A single mother-of-four says she is having to consider whether or not to feed herself some nights so she has enough to feed her children, despite government energy subsidies saving £900 a year for a “typical” household. BBC Politics East examined how price rises have affected people and businesses.
“These are the sacrifices”
Donna, a mum from Clacton-on-Sea in Essex, who did not wish to give her surname, said: “The rent, which is £995, is now going up to £1,195. It keeps me awake at night.
“I do sometimes get stressed, but I don’t let my children see it, as I don’t want them seeing mummy stressing.
“When the kids are at their dad’s, i don’t eat. What’s the point in turning on the electricity to cook? What is the point of me eating?
“The children will be fed. These are the sacrifices that people will have to make.
“I’m not alone.” People will choose to feed their kids, not themselves.
“How did we get to this point?”
The Right Reverend Martin Seeley said that Lord Bishop of St Edmundsbury, Ipswich, stated: “We are seeing families who would never dream of coming to a Top-up Shop or a Food Bank seeking food every week. They are coming in because they can’t afford food for their children, even though they’re working parents.
“And you have just to wonder how we got into this position? What’s the deal with a country that has a decent welfare system and is prosperous?
“I believe that the provisions such as the energy price cap and the cost of living allowances are not reaching the most vulnerable. I believe that more could be done in order to direct what is being given to those most in need.
“For instance, I get a winter fuel allowance due to my age. This is not what I need. So I give it to the Suffolk community foundation to pass it along to other people.
“A few difficult years”
Andrew Moss is the managing director of Horizon Retail Marketing Solutions, Ely, Cambridgeshire. This company makes displays for businesses.
“Every single cost has increased by at least two-fold. Three-fold. Four-fold. [recently]. He said that our raw material costs have risen by more than 30%.”
“We just have to deal… but we’ve got it on a weekly base.”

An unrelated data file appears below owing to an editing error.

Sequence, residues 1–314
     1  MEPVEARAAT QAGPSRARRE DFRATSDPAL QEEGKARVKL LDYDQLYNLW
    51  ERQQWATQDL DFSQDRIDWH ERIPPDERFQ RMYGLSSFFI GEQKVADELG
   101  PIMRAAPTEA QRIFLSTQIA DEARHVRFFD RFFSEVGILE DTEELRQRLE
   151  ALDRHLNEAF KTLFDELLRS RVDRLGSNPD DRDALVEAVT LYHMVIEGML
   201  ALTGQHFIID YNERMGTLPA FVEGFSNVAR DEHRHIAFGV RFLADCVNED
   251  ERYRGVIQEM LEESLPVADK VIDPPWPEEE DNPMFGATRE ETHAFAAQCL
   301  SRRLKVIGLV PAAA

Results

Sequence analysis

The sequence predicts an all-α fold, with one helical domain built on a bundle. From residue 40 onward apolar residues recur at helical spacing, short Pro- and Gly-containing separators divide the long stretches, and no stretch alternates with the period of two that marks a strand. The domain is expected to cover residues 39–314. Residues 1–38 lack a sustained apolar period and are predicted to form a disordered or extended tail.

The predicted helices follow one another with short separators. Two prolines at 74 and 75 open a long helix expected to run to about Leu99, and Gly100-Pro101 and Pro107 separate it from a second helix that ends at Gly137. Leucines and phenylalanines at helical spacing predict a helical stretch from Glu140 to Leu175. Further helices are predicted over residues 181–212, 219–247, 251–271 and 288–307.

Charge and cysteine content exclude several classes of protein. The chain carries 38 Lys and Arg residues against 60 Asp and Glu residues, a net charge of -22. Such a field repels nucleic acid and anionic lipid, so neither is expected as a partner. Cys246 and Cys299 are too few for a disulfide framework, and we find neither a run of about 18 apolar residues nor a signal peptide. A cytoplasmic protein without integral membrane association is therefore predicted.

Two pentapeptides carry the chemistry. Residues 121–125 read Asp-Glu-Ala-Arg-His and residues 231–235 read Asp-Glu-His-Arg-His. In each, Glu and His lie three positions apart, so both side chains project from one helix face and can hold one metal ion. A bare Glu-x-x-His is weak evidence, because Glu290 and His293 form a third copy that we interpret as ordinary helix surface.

Moss claimed that the business could weather the storm and make profits. But, it would also mean no investment. And no investment means no growth.
“I don’t mind having a difficult year. I don’t mind having a few tough years. He said that if we don’t have the funds to invest, it will impact us over the long-term and not just in the short-term.”
Victoria MacDonald (landlady of The Cellar House pub at Eaton in Norwich), said that the government could do much more to support the hospitality trade.
“As part a Campaign for Pubs, one thing we’ve called for” is the removal of VAT [value added tax]She said,
People might think that a decrease in VAT means less money for the government. However, if fewer businesses close, that will be less cost to the government.
“So, helping us a bit more, that keeps me going and will eventually reduce the impact on the government budgets.”
A Department for Business, Energy and Industrial Strategy spokesperson said: “We understand this is a difficult period for businesses and households and that we remain firm on their side.
“We have taken action to deliver the Energy Bill Relief Scheme, which means that businesses will pay less than half of the expected wholesale energy cost this winter.
“We have also limited the amount suppliers can charge through the Energy Price Guarantee, saving a typical household over £900 this winter.”
You can find more information on this story at Politics East on BBC One Sunday, 18 Dec, 10:05 GMT. BBC iPlayer afterwards.